Are Cell Phones the New Cigarettes at the Table?

formal-settingI haven’t smoked a cigarette in years, but I still remember the “companionship” they provided. Quitting was a huge challenge and it took a long time to unravel the behaviors that accompanied the habit. The entire process of digging around in my purse or pockets to unearth a pack and matches followed by extracting one and inhaling that first deep breath took time. It could be dramatic. It took my full focus, if I chose.

Whether waiting for a friend or the bus or your meal, lighting up almost meant that you weren’t alone…you had an instant companion. Wouldn’t  leave home without them. You could busy your hands with the act and your thoughts could wander or even focus on the progress of your cigarette as it burned down. It afforded instant, albeit unhealthy entertainment and even a conversation starter if someone needed a light. More than anything, I suppose it supplied either an invitation to connect or a smoky barrier to engagement.

Fortunately those days are long gone and smokers are relegated to specific areas that are far from the rest of us. It’s no longer an activity to be copied or glamorized but I wonder if we haven’t taken on a new way to never be alone and simultaneously occupied. Last week I was waiting for a friend at a large bar/restaurant and rather than cigarettes, almost everyone had a cell phone in hand or resting in front of them, ready to be united in action. It’s not part of the place setting! Even people seated together at tables were often on their phones rather than conversing with their companions. I saw one person dining solo with a book and it was so out of the ordinary that he looked like a throwback to another era.

So, what’s really happening? Can we never be still and present in the moment either by ourselves or with other people? Is the cell phone an impediment to communication or is it just another tool that we’ve added to a potentially unhealthy set of behaviors or is that a grim and superficial observation? Actually, the whole scene was a reminder to me to check-in with myself and monitor how to make better use of my alone time. Reaching for the phone as a distraction from being slightly uncomfortable is certainly preferable to grabbing a cigarette, but in those moments, it’s also an opportunity to just be.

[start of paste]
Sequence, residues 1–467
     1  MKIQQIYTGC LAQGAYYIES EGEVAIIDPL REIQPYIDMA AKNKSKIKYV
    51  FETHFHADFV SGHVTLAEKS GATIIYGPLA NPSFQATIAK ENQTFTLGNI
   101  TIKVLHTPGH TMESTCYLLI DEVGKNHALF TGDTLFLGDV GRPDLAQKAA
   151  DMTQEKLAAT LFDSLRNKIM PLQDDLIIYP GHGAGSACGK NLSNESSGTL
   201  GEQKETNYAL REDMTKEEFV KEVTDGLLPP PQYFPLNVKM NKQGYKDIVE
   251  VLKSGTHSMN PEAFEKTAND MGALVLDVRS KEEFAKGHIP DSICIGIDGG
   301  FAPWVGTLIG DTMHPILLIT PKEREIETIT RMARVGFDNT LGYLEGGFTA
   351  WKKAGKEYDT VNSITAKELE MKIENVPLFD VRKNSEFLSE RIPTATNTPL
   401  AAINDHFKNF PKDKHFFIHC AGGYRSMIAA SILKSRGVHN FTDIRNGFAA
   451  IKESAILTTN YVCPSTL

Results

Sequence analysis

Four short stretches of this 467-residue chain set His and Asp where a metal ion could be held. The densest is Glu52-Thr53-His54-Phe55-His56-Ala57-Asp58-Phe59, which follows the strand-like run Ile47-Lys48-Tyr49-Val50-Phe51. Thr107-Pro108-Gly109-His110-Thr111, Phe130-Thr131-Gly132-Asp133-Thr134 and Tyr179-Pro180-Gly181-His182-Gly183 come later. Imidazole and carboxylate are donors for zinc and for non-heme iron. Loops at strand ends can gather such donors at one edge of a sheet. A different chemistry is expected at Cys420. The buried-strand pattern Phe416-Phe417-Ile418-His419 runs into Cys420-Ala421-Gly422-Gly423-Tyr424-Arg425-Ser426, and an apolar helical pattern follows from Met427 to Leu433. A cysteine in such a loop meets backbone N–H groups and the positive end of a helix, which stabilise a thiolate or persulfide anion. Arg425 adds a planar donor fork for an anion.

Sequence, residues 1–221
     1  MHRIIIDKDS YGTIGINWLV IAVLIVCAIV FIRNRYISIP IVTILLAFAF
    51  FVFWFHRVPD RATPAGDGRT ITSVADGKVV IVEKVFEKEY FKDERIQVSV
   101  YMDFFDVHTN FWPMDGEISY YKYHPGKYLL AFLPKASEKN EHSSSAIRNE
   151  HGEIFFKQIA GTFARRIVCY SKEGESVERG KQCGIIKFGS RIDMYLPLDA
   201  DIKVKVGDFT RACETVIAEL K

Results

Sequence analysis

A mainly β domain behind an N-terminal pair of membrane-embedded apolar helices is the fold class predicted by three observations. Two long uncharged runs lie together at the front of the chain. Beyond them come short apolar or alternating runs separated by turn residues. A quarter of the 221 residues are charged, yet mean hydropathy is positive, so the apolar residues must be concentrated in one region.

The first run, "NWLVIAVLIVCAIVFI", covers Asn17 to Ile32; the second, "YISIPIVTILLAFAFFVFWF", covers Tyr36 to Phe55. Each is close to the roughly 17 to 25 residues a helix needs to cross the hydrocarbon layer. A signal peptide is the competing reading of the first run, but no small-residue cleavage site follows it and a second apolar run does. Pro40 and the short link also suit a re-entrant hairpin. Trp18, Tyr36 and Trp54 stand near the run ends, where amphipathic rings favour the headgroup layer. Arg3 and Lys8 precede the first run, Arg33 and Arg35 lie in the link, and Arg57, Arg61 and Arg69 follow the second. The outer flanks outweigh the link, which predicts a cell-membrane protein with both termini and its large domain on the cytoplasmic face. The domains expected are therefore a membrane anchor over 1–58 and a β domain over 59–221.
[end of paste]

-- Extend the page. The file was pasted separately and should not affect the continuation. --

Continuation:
©MWeisner2016

OUIJA “Key” Board

Adderall-shutterstock_170892518My daughter responded to a text I recently sent to her with an odd question. “SOCKS?” she typed back. I could not imagine what she was referring to and thus began a back and forth that made even less sense. Puzzled yet slightly annoyed at the seemingly meaningless interruption, I scrolled back to view the original message and there, plain as day was indeed, “SOCKS” with no reference to anything. I have no memory of this entry, yet the message came from my phone, and yes, it was me who hit the send button. We’ve all made typos before and it is even more commonplace as we become increasingly dependent on “spell-check” for automatic corrections. Some people add a caveat to messages, apologizing beforehand for any future errors. I prefer to think of it as a keyboard possessed by unknown powers attempting to communicate from another, perhaps more spiritual plane; my OUIJA keyboard.

Short-term memory acts as a kind of “scratch-pad” for temporary recall of the information which is being processed at any point in time, and has been referred to as the brain’s “Post-it” note. It can be thought of as the ability to remember and process information at the same time. It holds a small amount, typically around 7 items or less, in an active, readily-available state for a short period of time and starts to empty out in 10-15 seconds!

So, if we cannot retain information for very long and at the same time we are sending along information, where is our attention truly focused? Are we now not really responsible for the errors we make in advance of even making them? Is it a free pass to minimize inattention and if so, are there limits on what is excusable?